The EU's strengthened right to repair - what does it mean for UK businesses?

The EU's strengthened right to repair - what does it mean for UK businesses?

The EUs strengthened right to repair- what does it mean for UK businesses?

The EU has recently formally adopted the “Right to Repair Directive” (see press release here), which intends to clarify the obligations for manufacturers to repair goods and encourage consumers to extend a product’s lifecycle through repair. The old adage “make do and mend” being positively encouraged to reduce consumer consumption and waste.

Now, at the consumer’s request, a manufacturer of a product captured within the repairability requirements (mainly household white goods) must repair it, unless repair is impossible.

Such repair:

  • Must be carried out either free of charge or for a reasonable price
  • Must be carried out within a reasonable period of time from the moment the manufacturer has physical possession of the good, has received the good or has been given access to the good by the consumer
  • The manufacturer may provide the consumer with the loan of a replacement good free of charge or for a reasonable fee for the duration of the repair, and
  • In cases where the repair is impossible, the manufacturer may offer the consumer a refurbished good

The obligations to repair will fall upon:

  • The manufacturer. If the manufacturer is established outside of the EU, it will fall upon
  • The authorised representative within the EU. If there is no authorised representative, it will fall upon
  • The importer of the good. Where there is no importer, it will fall upon
  • The distributor

Increasing the attractiveness of repair for consumers

The Right to Repair Directive also seeks to increase the attractiveness of repairing as an option for consumers. It has attempted to do this in a few ways, including providing an additional one-year extension to the legal guarantee where goods are repaired under warranty. As this is a Directive it has to be implemented into national law by member states and each member state is required to implement at least one measure to promote repairs. It will be interesting to see which measure is chosen. There is a grace period of 24 months to transpose the Directive into national law once approved by the Council.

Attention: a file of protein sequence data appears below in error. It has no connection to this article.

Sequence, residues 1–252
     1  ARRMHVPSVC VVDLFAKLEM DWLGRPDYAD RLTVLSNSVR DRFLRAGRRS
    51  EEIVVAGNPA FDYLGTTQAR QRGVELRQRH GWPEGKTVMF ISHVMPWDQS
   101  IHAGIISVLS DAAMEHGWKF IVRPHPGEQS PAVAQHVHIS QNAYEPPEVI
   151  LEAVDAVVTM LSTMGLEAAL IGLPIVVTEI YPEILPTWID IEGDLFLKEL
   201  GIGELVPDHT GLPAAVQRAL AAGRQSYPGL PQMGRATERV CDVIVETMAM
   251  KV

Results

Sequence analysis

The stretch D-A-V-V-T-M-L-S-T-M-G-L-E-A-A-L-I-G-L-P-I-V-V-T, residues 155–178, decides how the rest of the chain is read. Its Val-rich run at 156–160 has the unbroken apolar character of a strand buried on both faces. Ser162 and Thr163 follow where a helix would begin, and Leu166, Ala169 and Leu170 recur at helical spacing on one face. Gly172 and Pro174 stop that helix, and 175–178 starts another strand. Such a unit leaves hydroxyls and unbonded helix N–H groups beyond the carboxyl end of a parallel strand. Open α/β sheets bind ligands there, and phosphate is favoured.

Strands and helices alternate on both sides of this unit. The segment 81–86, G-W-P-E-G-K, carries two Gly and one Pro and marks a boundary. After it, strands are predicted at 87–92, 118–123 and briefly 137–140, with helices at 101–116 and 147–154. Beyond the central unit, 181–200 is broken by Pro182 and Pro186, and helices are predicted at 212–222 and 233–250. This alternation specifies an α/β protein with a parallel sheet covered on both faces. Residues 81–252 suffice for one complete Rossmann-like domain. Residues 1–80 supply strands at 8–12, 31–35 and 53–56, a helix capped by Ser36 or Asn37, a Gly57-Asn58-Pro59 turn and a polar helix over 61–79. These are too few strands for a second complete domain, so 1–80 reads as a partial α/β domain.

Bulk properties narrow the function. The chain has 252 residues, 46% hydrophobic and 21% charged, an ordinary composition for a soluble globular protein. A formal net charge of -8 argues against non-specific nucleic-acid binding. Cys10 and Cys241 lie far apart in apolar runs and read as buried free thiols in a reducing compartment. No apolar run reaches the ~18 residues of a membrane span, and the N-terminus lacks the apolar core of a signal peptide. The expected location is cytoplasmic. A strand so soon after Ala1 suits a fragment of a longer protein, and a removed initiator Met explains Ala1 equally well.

An interesting addition is that manufacturers cannot now refuse to repair goods for the sole reason that a previous repair has been performed by another. Previously this could have invalidated a warranty.

Why does it matter to UK businesses?

There is no indication that UK will be implementing similar obligations at this stage. But UK businesses offering products on the EU market will need to consider the Right to Repair Directive.

It could impact the price the relevant entity within the EU (i.e. authorised representative, importer or distributor) is willing to pay for the goods, as they will have increased obligations (and therefore potentially risk) in relation to the goods. However, where companies are offering warranties already, the increased responsibility is not likely to be astronomical.

Changing the state of play?

The Right to Repair Directive predominantly applies to household white goods, a type of goods which consumers would typically look to repair rather than replace and which (anecdotally) no longer seem to last as long as they used to without a fault appearing. It will be interesting to see if this paves the way to promote repair rather than replacement in other sectors such as fashion goods

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